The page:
Chicago IL, November 6 2018 :Ghanaians in Chicago woke up today with shock as all the major Television news media in the Chicago area were simultaneously broadcasting the death of 25-year-old nongovernmental organization worker, missionary and foster mother in Ghana, Meghan Liddy.
Reports are that Meghan died of complications of malaria a day after she was admitted into a hospital in Ghana. Four American doctors were part of the medical team that took care of her.
Immediately upon hearing the news, the leadership of the Ghana National Council of Metropolitan Chicago, GNC, had an emergency meeting and donated one thousand ($1000) dollars to a Gofundme account set up initially to help transfer the patient to the USA for further treatment before her demise.
In a message to the family of the decease at the Gofundme page, the President of the GNC, Paa Kwasi Sam, stated that “On behalf of the Ghana National Council of Metropolitan Chicago, we express our deepest condolences to you and your family for the loss of your daughter. Please accept our prayers, empathy and small donation.”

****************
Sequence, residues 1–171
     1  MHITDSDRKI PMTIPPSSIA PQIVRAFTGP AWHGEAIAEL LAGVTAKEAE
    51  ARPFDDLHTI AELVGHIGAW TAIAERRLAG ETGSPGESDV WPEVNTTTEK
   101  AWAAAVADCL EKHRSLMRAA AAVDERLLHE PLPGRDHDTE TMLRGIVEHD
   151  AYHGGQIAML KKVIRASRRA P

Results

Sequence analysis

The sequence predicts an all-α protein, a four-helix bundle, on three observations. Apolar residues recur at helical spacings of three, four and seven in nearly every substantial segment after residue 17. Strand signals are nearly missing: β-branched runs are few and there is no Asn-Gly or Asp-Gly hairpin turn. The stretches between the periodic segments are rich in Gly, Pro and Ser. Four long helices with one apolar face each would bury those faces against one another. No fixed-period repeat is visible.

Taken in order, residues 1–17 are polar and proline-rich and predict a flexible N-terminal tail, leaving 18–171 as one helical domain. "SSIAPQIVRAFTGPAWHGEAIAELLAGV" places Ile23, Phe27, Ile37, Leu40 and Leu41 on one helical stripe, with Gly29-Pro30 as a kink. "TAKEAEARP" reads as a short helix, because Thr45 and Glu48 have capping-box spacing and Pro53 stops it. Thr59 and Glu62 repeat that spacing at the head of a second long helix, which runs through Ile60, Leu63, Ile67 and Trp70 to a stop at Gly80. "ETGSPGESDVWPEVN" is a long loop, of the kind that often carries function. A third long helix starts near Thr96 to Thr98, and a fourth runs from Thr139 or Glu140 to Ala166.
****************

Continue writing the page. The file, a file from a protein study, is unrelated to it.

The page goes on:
The President is encouraging members of the Ghanaian and African communities to donate generously in support of the family of the decease.
It was learnt that the late Meghan became foster mom to two young sisters, Priscilla and Rhoda, whose Ghanaian mother had died. Meghan was trying to finalize the girls’ adoption when she suddenly passed away.
A Wheaton Warrenville South grad, Meghan Liddy first experienced Africa on a 2012 mission trip and then immediately decided she needed to go back.“She had a plan to save, a plan to work, she worked three jobs.”On one of those jobs she met Therriault, who would become a dear friend and visit her in Ghana.
“(She) really didn’t spend a penny on herself. She would feel guilty about buying a coffee… (because) she knew her mission, she knew her goals,” a friend of Meghan recalled of the time she spent saving up for the return to Africa.
Liddy’s mother said that her passion was focused on supporting and ministering especially to children and women in need. If the smiles on Priscilla’s and Rhoda’s faces are any indication, she was succeeding in her work.
Maryann Liddy explains that until her daughter’s medical bills are paid off, her body will not be released from the hospital in Ghana. Liddy would like to bring her daughter back to the U.S. to be buried in Nebraska.